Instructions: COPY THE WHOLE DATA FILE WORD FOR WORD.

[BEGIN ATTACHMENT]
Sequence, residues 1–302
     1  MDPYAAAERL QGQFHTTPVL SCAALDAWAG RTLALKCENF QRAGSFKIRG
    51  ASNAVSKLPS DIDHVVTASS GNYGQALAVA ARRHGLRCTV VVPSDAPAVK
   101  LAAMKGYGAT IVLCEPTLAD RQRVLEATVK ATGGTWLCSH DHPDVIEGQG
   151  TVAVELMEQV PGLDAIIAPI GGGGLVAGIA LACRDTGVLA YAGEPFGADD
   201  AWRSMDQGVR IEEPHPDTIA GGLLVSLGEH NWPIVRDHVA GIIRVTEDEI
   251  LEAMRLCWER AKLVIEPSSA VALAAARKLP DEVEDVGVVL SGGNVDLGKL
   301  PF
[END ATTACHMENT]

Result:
Sequence, residues 1–302
     1  MDPYAAAERL QGQFHTTPVL SCAALDAWAG RTLALKCENF QRAGSFKIRG
    51  ASNAVSKLPS DIDHVVTASS GNYGQALAVA ARRHGLRCTV VVPSDAPAVK
   101  LAAMKGYGAT IVLCEPTLAD RQRVLEATVK ATGGTWLCSH DHPDVIEGQG
   151  TVAVELMEQV PGLDAIIAPI GGGGLVAGIA LACRDTGVLA YAGEPFGADD
   201  AWRSMDQGVR IEEPHPDTIA GGLLVSLGEH NWPIVRDHVA GIIRVTEDEI
   251  LEAMRLCWER AKLVIEPSSA VALAAARKLP DEVEDVGVVL SGGNVDLGKL
   301  PF